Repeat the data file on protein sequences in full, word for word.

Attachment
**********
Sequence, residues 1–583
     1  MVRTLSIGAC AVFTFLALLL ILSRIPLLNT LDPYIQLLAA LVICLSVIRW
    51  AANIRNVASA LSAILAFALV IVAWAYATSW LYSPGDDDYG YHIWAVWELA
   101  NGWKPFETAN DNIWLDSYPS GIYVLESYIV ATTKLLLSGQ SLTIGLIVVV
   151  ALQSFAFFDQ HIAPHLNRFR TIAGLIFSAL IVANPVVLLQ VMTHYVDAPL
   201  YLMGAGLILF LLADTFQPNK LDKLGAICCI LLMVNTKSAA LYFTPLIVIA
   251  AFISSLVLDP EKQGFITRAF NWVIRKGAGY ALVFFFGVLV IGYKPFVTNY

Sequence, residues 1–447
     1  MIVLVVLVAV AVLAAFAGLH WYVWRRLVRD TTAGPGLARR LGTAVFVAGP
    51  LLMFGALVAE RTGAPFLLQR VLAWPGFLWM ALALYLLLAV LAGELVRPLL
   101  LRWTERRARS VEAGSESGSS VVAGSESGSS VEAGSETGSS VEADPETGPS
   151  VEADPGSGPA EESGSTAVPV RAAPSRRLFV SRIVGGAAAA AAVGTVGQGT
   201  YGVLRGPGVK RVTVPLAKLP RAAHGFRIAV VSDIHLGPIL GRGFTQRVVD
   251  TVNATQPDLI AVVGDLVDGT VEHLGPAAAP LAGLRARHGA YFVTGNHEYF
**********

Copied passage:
Sequence, residues 1–583
     1  MVRTLSIGAC AVFTFLALLL ILSRIPLLNT LDPYIQLLAA LVICLSVIRW
    51  AANIRNVASA LSAILAFALV IVAWAYATSW LYSPGDDDYG YHIWAVWELA
   101  NGWKPFETAN DNIWLDSYPS GIYVLESYIV ATTKLLLSGQ SLTIGLIVVV
   151  ALQSFAFFDQ HIAPHLNRFR TIAGLIFSAL IVANPVVLLQ VMTHYVDAPL
   201  YLMGAGLILF LLADTFQPNK LDKLGAICCI LLMVNTKSAA LYFTPLIVIA
   251  AFISSLVLDP EKQGFITRAF NWVIRKGAGY ALVFFFGVLV IGYKPFVTNY

Sequence, residues 1–447
     1  MIVLVVLVAV AVLAAFAGLH WYVWRRLVRD TTAGPGLARR LGTAVFVAGP
    51  LLMFGALVAE RTGAPFLLQR VLAWPGFLWM ALALYLLLAV LAGELVRPLL
   101  LRWTERRARS VEAGSESGSS VVAGSESGSS VEAGSETGSS VEADPETGPS
   151  VEADPGSGPA EESGSTAVPV RAAPSRRLFV SRIVGGAAAA AAVGTVGQGT
   201  YGVLRGPGVK RVTVPLAKLP RAAHGFRIAV VSDIHLGPIL GRGFTQRVVD
   251  TVNATQPDLI AVVGDLVDGT VEHLGPAAAP LAGLRARHGA YFVTGNHEYF